Costs of making common parts COVID-19 compliant
As businesses look to return to work tenants of multi-let buildings will not only need to ensure that their own premises are compliant with the Government guidance for working safely during the coronavirus but they will also need to liaise with their landlords as to the use of any common parts. At the same time landlords will need to consider what their obligations are in relation to these common areas and how the costs of compliance will be met.
In order to maintain social distancing within common parts and in order to ensure that these can be safely used, landlords will need to consider measures such as the installation of bike racks, lockers, additional toilet and changing facilities. They will also need to provide more frequent and thorough cleansing of the common parts, including ensuring a sufficient supply of hand sanitiser throughout not just the washing facilities but the common areas as a whole.
The Government guidance suggests avoiding touchpad access where possible but this could mean installing an entirely new card access system. In addition, many buildings will have had some of their mechanical and electrical systems switched off or working to reduced levels during the lockdown. Government guidance suggests that these systems must be tested, inspected and serviced if necessary, before restarting them.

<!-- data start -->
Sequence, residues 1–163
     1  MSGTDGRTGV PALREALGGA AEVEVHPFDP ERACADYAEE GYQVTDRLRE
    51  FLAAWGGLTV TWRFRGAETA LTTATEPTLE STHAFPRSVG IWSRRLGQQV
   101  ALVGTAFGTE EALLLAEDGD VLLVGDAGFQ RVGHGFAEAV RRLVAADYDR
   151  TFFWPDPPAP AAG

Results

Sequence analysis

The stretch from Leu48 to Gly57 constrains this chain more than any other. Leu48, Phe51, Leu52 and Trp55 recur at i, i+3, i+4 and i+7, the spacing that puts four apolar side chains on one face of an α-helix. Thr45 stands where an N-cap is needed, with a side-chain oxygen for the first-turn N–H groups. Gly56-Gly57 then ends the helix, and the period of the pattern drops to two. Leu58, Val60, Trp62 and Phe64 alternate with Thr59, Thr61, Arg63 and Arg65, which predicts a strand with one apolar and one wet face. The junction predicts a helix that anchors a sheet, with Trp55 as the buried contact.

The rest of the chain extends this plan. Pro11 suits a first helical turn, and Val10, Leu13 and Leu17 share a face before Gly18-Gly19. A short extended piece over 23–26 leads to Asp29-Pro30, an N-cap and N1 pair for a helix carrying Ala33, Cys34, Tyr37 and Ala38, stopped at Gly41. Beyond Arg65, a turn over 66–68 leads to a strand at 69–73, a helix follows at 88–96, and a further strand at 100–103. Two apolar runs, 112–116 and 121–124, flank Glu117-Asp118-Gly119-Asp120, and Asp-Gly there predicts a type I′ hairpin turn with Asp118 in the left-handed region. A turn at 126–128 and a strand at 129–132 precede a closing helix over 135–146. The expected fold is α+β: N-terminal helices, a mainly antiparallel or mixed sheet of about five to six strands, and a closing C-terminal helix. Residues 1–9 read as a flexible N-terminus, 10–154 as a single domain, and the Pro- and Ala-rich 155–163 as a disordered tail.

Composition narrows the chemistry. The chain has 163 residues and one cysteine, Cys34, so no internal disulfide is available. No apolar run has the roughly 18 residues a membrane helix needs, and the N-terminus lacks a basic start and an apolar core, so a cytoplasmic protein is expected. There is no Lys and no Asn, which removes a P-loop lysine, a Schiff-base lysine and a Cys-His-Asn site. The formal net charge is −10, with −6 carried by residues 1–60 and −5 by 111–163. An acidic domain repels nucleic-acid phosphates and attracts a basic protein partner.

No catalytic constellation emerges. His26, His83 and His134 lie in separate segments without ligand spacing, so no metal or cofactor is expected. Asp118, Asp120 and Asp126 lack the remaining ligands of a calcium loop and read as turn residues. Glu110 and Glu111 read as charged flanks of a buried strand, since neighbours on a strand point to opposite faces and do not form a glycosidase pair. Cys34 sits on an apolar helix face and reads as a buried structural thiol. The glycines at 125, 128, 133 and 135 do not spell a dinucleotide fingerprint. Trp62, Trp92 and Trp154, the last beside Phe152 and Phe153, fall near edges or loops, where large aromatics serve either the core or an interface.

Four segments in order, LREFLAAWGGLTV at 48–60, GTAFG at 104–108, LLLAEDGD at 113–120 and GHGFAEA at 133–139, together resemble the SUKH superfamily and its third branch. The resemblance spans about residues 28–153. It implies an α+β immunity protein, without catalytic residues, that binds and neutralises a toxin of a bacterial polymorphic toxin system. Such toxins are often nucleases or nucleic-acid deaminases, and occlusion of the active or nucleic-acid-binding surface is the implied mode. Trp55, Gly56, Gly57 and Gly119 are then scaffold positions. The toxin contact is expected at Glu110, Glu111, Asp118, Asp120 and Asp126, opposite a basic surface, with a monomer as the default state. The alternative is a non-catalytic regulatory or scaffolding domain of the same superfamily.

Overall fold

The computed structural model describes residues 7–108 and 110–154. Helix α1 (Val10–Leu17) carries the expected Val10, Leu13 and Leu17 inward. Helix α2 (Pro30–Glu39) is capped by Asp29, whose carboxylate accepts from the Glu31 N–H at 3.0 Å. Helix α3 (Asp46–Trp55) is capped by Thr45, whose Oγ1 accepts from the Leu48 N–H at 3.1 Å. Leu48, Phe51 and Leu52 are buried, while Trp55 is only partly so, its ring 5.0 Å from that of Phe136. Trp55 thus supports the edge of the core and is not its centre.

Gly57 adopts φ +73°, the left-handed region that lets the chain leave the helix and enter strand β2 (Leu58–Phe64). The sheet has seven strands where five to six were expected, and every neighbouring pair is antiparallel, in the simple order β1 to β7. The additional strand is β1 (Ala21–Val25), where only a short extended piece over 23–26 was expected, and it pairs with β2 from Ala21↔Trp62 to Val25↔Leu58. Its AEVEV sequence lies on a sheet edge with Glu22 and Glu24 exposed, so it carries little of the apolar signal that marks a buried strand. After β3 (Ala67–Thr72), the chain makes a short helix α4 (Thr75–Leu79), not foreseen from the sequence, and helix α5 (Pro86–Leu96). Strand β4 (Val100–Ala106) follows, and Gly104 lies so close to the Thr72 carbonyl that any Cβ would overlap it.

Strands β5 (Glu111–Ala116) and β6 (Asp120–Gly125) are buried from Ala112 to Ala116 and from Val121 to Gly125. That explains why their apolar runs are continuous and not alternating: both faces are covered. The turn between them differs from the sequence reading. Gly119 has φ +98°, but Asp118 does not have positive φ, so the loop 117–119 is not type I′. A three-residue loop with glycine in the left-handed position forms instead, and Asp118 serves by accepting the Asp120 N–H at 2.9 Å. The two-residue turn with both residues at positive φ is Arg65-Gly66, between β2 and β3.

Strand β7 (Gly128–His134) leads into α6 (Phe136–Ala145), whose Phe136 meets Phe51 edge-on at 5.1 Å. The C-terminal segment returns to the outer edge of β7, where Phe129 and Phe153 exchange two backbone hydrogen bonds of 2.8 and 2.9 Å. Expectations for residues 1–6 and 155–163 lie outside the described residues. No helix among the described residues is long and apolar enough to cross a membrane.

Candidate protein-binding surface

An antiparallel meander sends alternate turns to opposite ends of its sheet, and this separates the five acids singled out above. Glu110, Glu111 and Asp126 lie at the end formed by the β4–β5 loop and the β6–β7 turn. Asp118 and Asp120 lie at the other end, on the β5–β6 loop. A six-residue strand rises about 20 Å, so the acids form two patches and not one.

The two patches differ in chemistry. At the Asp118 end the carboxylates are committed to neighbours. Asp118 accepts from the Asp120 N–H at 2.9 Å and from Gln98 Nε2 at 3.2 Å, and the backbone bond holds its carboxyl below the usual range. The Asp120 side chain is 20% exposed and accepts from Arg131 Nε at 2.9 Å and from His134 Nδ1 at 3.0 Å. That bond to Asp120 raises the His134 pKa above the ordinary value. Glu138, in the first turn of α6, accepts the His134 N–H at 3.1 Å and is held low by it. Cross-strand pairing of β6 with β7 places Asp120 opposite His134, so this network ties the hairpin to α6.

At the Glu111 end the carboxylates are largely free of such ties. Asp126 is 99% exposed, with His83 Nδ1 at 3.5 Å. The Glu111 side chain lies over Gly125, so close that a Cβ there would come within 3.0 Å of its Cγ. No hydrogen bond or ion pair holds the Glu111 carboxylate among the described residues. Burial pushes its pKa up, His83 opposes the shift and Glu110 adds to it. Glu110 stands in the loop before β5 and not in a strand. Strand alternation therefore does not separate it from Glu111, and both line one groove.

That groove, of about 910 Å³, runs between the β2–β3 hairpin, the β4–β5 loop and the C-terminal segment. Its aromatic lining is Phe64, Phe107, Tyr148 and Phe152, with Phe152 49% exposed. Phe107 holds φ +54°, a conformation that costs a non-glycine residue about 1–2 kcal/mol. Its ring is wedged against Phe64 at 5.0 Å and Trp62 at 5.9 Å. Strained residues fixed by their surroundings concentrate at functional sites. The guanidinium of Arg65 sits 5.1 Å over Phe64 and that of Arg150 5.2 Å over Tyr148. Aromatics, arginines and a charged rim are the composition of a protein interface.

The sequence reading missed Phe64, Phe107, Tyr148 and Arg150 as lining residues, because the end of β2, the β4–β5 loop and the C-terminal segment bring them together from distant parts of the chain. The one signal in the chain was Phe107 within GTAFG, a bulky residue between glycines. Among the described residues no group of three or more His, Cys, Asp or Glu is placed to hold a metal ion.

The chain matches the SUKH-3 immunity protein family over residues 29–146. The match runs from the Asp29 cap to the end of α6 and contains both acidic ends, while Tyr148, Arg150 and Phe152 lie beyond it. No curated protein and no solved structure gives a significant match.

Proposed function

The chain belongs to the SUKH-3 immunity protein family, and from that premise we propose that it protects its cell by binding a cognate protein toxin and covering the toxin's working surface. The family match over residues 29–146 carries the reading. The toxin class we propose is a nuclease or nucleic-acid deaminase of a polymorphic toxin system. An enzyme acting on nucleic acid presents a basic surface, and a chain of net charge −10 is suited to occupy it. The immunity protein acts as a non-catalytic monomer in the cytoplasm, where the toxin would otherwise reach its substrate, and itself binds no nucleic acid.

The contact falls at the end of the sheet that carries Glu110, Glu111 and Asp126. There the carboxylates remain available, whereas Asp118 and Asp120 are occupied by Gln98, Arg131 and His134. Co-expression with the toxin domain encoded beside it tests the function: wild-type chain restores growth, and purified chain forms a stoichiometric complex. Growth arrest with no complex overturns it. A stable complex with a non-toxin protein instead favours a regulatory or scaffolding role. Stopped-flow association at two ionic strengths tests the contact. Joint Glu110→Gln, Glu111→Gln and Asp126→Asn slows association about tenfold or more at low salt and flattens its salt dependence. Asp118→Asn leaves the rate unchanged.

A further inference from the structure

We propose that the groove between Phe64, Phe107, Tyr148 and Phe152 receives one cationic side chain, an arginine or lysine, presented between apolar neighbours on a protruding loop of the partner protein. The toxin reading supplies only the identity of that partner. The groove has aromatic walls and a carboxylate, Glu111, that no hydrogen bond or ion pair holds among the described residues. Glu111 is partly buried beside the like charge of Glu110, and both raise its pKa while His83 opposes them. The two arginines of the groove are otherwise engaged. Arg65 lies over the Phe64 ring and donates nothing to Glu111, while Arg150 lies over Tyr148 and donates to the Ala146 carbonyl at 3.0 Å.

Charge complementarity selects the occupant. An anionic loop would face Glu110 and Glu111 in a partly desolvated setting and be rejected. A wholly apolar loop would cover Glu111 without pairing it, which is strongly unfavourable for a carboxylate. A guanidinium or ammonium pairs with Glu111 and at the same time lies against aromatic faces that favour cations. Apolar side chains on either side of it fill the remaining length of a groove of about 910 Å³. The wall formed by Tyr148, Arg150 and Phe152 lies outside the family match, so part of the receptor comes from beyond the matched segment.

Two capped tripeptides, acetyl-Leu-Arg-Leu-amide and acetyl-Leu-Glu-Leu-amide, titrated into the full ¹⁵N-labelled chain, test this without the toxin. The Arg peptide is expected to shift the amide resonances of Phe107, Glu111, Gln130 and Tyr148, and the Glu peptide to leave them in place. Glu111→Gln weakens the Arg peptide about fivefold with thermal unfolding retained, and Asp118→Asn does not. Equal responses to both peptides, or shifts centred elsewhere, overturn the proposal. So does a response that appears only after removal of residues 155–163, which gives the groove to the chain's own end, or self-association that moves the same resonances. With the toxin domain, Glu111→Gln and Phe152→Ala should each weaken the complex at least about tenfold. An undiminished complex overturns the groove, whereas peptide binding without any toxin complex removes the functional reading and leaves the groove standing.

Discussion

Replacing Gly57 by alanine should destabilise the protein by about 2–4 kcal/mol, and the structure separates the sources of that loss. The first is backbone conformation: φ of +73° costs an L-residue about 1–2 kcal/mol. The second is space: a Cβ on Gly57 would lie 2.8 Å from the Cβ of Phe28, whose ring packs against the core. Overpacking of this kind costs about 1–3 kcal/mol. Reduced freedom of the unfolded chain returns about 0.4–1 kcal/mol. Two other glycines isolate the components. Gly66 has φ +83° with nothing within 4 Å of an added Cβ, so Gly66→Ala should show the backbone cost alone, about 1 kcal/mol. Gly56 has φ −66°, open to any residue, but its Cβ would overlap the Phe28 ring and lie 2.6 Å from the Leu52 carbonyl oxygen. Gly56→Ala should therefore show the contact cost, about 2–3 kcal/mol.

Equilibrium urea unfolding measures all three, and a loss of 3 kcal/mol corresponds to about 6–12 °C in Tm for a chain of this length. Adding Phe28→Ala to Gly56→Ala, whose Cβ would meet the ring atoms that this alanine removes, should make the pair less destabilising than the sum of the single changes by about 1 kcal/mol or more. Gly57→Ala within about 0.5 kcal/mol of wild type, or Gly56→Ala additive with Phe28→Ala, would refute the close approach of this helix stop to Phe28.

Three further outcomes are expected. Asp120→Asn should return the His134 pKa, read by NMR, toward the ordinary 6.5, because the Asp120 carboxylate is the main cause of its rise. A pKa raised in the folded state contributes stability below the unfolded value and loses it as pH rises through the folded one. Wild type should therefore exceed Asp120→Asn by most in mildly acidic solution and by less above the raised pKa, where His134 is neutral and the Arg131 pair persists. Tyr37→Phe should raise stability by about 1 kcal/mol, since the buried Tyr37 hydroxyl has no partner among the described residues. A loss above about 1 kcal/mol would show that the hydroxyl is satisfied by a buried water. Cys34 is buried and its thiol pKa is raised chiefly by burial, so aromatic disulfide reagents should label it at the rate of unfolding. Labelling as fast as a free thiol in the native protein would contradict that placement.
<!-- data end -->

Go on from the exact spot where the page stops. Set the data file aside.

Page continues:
Supplying these extra facilities, additional cleaning and extra system checks may be expensive and landlord and tenants alike will want to know who will bear these costs. A landlord of a multi-let building will be responsible for maintenance of the common parts but the costs of this are usually recoverable via a service charge. The question therefore is whether these additional costs will fall within the service charge? Whilst many service charge provisions contain a general “sweep up clause” allowing the landlord to recover any reasonable costs incurred in providing services in accordance with the principles of good estate management, the service charge provisions in each lease may differ if a particular tenant has managed to agree an exclusion or a service charge cap on their liability. Costs incurred as a result of complying with any relevant legislation relating to the use of common parts is usually covered by the service charge but the current guidance is not mandatory so costs incurred complying with this may not fall within the service charge provisions.
Landlords and Tenants alike should therefore check the terms of the service charge provisions in their leases carefully to see where the cost of making common parts safe lies.
For more information or if you have any queries please contact our Head of Commercial Property, Julia Ferguson